If the count of relative strengths (bullet points above) is taken as a measure, the M9 is the clear winner of the contest (12 : 4 points). However, the relevance of individual strengths will vary across photographers, so that you might want to apply your own weighing scheme to the summary points when reflecting and deciding on a new camera. A professional wedding photographer will view the differences between cameras in a way that diverges from the perspective of a travel photog, and a person interested in cityscapes has distinct needs from a macro shooter. Hence, the decision which camera is best and worth buying is often a very personal one.
In any case, while the comparison of the spec-sheets of cameras can offer a general idea of their imaging potential, it says little about, for example, the shooting experience and imaging performance of the R-D1 and the M9 in practical situations. User reviews, such as those found at amazon, can sometimes inform about these issues, but such feedback is often incomplete, inconsistent, and biased.
This is why expert reviews are important. The table below provides a synthesis of the camera assessments of some of the best known photo-gear review sites (cameralabs, dpreview, ephotozine, imaging-resource, and photographyblog). As can be seen, the professional reviewers agree in many cases on the quality of different cameras, but sometimes their assessments diverge, reinforcing the earlier point that a camera decision is often a very personal choice.
The above review scores should be interpreted with care, though. The ratings are only valid when referring to cameras in the same category and of the same age. A score, therefore, has to be seen in close connection to the price and market introduction time of the camera, and comparisons of ratings among very different cameras or across long time periods have little meaning. It should also be noted that some of the review sites have over time altered the way they render their verdicts.
Other camera comparisons
Did this review help to inform your camera decision process? If you would like to see a different side-by-side camera review, just use the search menu below. There is also a set of direct links to comparison reviews that other users of the CAM-parator app explored.
Specifications: Epson R-D1 vs Leica M9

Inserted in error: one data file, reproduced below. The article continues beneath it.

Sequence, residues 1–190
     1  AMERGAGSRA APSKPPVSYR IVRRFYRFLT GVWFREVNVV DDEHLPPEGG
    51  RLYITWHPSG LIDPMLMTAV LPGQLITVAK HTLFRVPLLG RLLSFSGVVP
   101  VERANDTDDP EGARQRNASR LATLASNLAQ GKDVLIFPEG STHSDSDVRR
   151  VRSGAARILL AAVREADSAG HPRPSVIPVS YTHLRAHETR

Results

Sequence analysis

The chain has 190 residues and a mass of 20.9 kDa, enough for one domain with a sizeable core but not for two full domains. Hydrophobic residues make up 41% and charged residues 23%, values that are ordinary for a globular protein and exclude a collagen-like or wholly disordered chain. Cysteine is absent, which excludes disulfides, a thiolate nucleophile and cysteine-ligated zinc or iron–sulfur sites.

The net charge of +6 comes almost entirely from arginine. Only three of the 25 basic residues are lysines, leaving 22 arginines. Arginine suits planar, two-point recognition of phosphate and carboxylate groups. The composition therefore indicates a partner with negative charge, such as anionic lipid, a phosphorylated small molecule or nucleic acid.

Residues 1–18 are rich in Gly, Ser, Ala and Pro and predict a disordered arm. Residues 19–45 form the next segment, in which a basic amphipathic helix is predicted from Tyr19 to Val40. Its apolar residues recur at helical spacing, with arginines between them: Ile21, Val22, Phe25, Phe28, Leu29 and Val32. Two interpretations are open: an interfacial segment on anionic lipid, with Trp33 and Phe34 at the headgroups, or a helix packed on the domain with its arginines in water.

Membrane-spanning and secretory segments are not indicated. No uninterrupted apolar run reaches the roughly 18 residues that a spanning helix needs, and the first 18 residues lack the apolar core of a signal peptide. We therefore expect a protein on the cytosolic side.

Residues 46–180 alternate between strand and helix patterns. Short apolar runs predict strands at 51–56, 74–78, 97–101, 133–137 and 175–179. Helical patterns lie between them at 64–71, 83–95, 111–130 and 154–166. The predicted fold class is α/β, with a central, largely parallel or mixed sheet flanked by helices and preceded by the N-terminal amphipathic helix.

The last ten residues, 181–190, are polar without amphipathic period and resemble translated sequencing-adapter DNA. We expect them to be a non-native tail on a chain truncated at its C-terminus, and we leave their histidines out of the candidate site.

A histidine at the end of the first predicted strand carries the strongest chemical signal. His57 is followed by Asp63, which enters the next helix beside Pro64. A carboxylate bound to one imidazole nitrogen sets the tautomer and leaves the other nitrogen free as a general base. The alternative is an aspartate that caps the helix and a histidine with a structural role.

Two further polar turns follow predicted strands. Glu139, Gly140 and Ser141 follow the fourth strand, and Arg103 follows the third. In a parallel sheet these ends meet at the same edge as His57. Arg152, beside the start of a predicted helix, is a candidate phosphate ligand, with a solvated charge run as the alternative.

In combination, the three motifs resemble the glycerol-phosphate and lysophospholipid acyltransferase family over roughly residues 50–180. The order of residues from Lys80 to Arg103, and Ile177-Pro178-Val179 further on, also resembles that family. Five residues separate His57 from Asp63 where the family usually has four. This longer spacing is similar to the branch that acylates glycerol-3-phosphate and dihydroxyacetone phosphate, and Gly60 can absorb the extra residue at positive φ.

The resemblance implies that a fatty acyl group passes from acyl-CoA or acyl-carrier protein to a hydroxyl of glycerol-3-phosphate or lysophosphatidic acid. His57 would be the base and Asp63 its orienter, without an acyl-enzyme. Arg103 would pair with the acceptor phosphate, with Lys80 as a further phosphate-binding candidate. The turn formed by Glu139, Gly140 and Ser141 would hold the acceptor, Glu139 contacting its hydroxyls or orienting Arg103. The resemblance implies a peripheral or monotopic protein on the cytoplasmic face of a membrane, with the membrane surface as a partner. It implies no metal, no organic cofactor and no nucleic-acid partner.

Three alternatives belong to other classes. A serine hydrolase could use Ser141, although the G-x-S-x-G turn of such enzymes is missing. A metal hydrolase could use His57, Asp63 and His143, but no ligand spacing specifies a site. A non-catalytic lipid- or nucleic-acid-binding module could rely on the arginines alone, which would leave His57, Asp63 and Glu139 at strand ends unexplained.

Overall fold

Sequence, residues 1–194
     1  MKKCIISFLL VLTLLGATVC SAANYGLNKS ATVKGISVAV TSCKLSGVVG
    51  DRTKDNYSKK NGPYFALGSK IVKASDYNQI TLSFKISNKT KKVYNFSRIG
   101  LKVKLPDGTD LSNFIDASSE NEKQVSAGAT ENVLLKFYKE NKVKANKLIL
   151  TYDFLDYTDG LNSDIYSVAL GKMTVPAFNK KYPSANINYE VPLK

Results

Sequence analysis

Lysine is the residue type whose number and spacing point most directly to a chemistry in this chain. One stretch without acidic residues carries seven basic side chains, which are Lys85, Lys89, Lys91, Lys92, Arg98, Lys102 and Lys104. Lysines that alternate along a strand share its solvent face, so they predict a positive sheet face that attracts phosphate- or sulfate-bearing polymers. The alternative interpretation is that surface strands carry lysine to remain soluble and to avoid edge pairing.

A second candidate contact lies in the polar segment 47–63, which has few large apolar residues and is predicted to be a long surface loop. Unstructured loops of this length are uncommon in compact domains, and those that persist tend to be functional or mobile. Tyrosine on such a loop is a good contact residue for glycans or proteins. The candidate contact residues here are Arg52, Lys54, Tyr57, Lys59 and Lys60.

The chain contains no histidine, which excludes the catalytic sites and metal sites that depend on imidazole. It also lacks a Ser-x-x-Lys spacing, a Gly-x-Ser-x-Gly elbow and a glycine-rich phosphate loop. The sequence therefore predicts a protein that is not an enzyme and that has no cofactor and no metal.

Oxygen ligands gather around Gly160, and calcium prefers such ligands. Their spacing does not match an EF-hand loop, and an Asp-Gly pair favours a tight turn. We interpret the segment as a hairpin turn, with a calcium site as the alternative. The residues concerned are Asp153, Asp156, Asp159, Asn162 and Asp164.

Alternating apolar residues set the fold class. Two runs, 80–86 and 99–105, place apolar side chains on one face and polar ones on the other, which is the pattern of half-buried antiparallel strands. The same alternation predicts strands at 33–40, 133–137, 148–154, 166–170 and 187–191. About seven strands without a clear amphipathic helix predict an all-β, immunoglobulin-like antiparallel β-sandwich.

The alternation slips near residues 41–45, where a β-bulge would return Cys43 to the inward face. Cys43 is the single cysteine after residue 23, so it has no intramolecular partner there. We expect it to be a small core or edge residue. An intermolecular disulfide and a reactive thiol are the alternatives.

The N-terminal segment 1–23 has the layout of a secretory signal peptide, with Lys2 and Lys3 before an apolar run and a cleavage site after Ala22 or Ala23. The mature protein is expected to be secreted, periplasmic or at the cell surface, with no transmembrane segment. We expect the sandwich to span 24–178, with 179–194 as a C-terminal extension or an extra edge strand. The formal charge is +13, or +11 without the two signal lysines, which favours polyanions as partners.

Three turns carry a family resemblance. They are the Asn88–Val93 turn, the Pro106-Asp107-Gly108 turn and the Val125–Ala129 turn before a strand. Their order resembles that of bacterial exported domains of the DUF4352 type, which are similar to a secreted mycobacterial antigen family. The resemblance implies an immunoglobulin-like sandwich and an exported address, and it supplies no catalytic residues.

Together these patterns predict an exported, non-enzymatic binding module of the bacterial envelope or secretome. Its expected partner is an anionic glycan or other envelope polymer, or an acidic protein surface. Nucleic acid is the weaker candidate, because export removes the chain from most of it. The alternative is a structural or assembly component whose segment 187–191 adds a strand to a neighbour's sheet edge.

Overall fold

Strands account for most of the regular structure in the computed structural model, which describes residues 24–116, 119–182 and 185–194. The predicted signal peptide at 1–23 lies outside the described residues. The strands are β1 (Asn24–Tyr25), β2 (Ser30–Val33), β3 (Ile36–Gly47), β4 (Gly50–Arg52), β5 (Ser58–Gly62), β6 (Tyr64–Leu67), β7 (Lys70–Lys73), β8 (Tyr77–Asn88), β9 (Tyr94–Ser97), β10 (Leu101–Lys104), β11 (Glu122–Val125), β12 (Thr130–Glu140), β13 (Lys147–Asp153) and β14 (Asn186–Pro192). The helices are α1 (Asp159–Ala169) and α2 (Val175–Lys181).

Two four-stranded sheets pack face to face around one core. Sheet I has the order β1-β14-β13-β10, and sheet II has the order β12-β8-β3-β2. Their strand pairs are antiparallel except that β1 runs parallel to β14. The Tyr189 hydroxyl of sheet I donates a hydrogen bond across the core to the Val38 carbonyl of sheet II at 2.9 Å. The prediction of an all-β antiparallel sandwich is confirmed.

Below is a side-by-side comparison of the specs of the two cameras to facilitate a quick review of their differences and common features.
|Camera Model||Epson R-D1||Leica M9|
|Camera Type||Rangefinder camera||Rangefinder camera|
|Camera Lens||Leica M mount lenses||Leica M mount lenses|
|Launch Date||March 2004||September 2009|
|Launch Price||USD 2999||USD 7999|
|Sensor Specs||Epson R-D1||Leica M9|
|Sensor Format||APS-C Sensor||Full Frame Sensor|
|Sensor Size||23.7 x 15.6 mm||36.0 x 24.0 mm|
|Sensor Area||369.72 mm2||864 mm2|
|Sensor Diagonal||28.4 mm||43.3 mm|
|Sensor Resolution||6 Megapixels||18.1 Megapixels|
|Image Resolution||3008 x 2000 pixels||5212 x 3472 pixels|
|Pixel Pitch||7.85 μm||6.91 μm|
|Pixel Density||1.63 MP/cm2||2.09 MP/cm2|
|Moiré control||Anti-Alias filter||no AA filter|
|Movie Capability||no Video||no Video|
|ISO Setting||200-1600 ISO||80-2500 ISO|
|DXO Sensor Quality (score)||..||69|
|DXO Color Depth (bits)||..||22.5|
|DXO Dynamic Range (EV)||..||11.7|
|DXO Low Light (ISO)||..||884|
|Screen Specs||Epson R-D1||Leica M9|
|Viewfinder Type||Optical viewfinder||Optical viewfinder|
|Viewfinder Field of View||100%||100%|
|Rear LCD Size||2.0 inch||2.5 inch|
|LCD Resolution||235k dots||230k dots|
|LCD Attachment||Fixed screen||Fixed screen|
|Shooting Specs||Epson R-D1||Leica M9|
|Focus System||Manual Focus||Manual Focus|
|Continuous Shooting||1 shutter flaps/s||2 shutter flaps/s|
|Fill Flash||no On-Board Flash||no On-Board Flash|
|Storage Medium||SDHC cards||SDXC cards|
|Second Storage Option||Single card slot||Single card slot|
|UHS card support||no||no|
|Connectivity Specs||Epson R-D1||Leica M9|
|Studio Flash||PC Sync socket||no PC Sync|
|USB Connector||USB no||USB 2.0|
|HDMI Port||no HDMI||no HDMI|
|Wifi Support||no Wifi||no Wifi|
|Body Specs||Epson R-D1||Leica M9|
142 x 89 x 40 mm
(5.6 x 3.5 x 1.6 in)
139 x 80 x 37 mm
(5.5 x 3.1 x 1.5 in)
|Camera Weight||620 g (21.9 oz)||585 g (20.6 oz)|